must have been all those tips i picked up while on the opposite end of the ring
managing my rage monster and trying to avoid people that couldn't be bothered
to avoid me.

The Ribbons

Obviously the most important part.

how da fuq did we get any of these?

We were fourth for the first test, third for the second, and then went to the wine and cheese gala to pick up our Best Turnout Award. Our win in our only test Sunday was also good enough for High Point OTTB at First Level. The scores? A 60%, 61.94%, and a 60.86%--and yep, that last one was good enough for both high point and to win the whole class. Outside of Training, the judging was tough. Does no one know how to ride the new tests? Clearly I'm firmly in that category!

For Fuck's Fucking Sake

I've always had this fear that I won't notice if I blow out a trailer tire and will just keep rolling down the road on three wheels. Y'all, that's not a thing. On my way home, just about to hit the busiest split of interstate, I blew out a trailer tire so hard it sent the fender flying. I was able to pull right over onto a wide shoulder, had the world's fastest mini crying meltdown, and then got to work changing my first tire. 

Right as I was finishing pulling the blown tire off, ass glued to the side of my trailer for fear of getting smashed by vehicles that are a lot like warm up riders who won't get out of the way, a highway truck pulled up behind me. One of the friendly gentleman started directing traffic over while the other helped me align my spare and then put the finishing muscle on tightening the lug nuts. When they were done, they even ran back and grabbed my fender for me. They complimented me for my preparedness (aka my paranoia about being stranded helpless anywhere and therefore being a horse trip doomsday prepper) and sent me on my way.

poor old lady.

The good part (??) of losing the fender was that I could see the back half of the tire that didn't blow. Remember the trailer inspection I just had done? The one where I paid them a lot of money to break my lights? They also changed the wheel bearing on that tire...but didn't bother telling me that the bearing had caused uneven wear on the tire and it needed to be replaced. Or, you know, replacing it themselves since it was in there for inspection. Plus the tire that blew looked like it was a re-cap which had been put on by the other trailer place I'd taken it to a couple years ago. That's not okay.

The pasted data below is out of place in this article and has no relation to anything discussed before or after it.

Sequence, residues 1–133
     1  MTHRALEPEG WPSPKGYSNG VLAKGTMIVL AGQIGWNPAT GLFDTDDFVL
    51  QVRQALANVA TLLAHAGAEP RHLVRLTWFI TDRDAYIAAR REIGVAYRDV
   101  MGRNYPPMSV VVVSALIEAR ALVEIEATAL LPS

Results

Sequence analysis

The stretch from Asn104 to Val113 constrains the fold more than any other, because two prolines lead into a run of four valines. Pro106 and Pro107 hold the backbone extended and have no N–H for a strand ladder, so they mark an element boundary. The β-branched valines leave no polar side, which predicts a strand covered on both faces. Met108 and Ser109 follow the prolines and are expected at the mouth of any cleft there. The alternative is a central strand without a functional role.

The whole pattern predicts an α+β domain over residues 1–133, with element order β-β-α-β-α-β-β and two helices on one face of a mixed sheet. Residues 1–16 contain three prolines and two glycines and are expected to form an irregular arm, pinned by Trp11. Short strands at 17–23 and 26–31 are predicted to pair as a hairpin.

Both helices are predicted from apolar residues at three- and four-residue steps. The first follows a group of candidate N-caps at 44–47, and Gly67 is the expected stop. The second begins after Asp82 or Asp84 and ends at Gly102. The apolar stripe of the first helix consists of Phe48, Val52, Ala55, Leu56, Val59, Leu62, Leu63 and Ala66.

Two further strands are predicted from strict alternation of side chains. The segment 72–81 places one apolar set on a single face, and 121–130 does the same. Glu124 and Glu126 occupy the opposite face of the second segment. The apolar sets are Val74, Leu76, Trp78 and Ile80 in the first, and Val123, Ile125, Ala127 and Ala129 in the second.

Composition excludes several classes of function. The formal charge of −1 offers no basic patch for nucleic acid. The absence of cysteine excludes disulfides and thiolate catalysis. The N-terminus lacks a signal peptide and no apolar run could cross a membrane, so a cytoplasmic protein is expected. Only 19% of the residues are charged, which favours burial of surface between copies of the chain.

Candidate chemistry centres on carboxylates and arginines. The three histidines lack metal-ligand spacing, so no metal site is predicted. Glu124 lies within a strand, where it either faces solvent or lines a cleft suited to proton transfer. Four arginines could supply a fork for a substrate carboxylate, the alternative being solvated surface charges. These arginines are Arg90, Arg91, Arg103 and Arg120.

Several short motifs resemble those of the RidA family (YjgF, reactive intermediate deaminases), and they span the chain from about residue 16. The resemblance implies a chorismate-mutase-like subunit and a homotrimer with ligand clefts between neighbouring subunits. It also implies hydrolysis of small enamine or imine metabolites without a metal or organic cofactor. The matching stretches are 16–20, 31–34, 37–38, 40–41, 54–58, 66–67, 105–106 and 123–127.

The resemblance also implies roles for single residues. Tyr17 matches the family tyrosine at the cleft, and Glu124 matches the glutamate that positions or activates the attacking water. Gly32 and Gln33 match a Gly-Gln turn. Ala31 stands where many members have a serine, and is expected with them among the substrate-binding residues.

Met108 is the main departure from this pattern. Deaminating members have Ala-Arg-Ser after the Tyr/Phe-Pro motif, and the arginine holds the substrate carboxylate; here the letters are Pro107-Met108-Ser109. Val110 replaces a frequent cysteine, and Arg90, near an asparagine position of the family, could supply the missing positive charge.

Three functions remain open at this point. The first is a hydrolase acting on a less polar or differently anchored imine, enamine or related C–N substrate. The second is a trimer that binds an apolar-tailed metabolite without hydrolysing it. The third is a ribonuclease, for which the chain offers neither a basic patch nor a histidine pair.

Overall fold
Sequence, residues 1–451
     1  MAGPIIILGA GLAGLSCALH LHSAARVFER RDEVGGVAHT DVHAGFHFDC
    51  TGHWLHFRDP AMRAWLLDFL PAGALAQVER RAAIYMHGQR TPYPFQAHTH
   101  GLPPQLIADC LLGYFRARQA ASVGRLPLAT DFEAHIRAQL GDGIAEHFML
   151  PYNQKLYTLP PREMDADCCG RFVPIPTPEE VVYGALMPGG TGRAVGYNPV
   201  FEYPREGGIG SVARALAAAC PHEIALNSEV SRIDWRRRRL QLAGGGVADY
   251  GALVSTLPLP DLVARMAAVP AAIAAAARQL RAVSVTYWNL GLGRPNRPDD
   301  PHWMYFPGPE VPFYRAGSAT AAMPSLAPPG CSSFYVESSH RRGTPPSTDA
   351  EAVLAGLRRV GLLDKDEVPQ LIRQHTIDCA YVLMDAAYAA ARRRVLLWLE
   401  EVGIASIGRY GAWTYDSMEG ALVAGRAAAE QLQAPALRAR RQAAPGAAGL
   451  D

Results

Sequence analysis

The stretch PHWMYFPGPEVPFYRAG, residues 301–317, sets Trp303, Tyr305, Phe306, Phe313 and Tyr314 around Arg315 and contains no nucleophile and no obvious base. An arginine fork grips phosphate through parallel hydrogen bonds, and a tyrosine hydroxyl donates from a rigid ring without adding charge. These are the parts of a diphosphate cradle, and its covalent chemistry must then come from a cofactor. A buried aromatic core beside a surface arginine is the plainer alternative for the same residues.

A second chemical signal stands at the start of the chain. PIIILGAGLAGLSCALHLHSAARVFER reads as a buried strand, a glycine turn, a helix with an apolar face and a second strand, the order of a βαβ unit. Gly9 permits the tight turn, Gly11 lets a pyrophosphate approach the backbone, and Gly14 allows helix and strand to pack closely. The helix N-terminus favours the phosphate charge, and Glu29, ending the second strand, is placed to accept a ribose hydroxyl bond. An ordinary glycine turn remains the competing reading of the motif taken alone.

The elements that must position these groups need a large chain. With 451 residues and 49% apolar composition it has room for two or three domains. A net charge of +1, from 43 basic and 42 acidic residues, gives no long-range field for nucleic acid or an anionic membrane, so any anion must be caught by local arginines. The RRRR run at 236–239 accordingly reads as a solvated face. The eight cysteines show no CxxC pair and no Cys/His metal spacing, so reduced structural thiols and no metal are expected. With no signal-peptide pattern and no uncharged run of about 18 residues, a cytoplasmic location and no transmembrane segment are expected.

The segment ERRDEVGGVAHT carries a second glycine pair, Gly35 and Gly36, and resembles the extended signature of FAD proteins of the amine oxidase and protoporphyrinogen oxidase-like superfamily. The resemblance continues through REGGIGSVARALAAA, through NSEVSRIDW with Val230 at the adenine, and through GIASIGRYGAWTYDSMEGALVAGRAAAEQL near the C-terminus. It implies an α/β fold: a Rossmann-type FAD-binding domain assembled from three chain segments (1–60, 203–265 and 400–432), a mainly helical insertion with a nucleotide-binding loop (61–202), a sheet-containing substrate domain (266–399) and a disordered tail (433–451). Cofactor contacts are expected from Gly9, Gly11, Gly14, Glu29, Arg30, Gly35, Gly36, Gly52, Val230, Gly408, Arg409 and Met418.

And this is why I cannot with mechanics.

Or horses.

Or people.

opie's face = my brain currently.

Tuesday, June 4, 2019

Houghton College Spring Dressage Show II

My morning kicked off wonderfully when I hooked up my trailer for day two and had no running lights on the right side.

Did all my lights work when I dropped the trailer off for inspection? Yes.

Do all my lights work $323 later? NO.

After many, many bad words later, I discovered I at least had working brake lights and turn signals so as long as I didn't run into any rain I would be okay. BUT STILL.

the cutest snootest.

The drive down was blessedly uneventful as on the way home the day before, my check engine light kept blinking on and off...after paying nearly $1k in repairs on the truck a couple months ago. I might harbor a deep seated hatred for literally all mechanics on the face of the earth.

Anyway, I get parked, take Opie for a quick walk about the giant fancy spooky indoor where we were doing our first test, let him snoot the judge's stand Satan's Altar, and then set him up with his breakfast. As he was finishing, I looked up at the sound of thunder and saw this:

i like everyone else staring at it with a collective feeling of "oh shit"

Two seconds later it started storming. Straight up thunder, lightning, very very frightening. Too cheap to ever get a stall when I don't have to, Opie and I took refuge inside one of the big bay doors where he amused himself snooting the white boards until the rain slackened for half a second and I was able to run back out and grab his hay net to throw on the floor in front of him. Half an hour later it finished blowing through, and aside from one other storm that you could see and hear brewing on the horizon in the afternoon that ended up staying south of us, the rest of the day was quite nice.

never got a drop from this one